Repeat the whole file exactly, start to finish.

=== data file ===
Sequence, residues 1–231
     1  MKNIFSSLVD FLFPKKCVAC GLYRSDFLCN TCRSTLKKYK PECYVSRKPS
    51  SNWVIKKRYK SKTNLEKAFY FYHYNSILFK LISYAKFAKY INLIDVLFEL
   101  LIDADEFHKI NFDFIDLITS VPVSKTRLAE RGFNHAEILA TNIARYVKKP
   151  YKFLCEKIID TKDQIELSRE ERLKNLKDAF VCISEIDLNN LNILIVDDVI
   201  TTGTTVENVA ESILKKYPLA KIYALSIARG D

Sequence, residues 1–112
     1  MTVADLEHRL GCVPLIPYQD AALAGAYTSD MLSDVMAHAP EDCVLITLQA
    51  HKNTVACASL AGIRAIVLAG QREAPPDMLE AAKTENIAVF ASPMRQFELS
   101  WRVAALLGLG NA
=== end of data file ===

Sequence, residues 1–231
     1  MKNIFSSLVD FLFPKKCVAC GLYRSDFLCN TCRSTLKKYK PECYVSRKPS
    51  SNWVIKKRYK SKTNLEKAFY FYHYNSILFK LISYAKFAKY INLIDVLFEL
   101  LIDADEFHKI NFDFIDLITS VPVSKTRLAE RGFNHAEILA TNIARYVKKP
   151  YKFLCEKIID TKDQIELSRE ERLKNLKDAF VCISEIDLNN LNILIVDDVI
   201  TTGTTVENVA ESILKKYPLA KIYALSIARG D

Sequence, residues 1–112
     1  MTVADLEHRL GCVPLIPYQD AALAGAYTSD MLSDVMAHAP EDCVLITLQA
    51  HKNTVACASL AGIRAIVLAG QREAPPDMLE AAKTENIAVF ASPMRQFELS
   101  WRVAALLGLG NA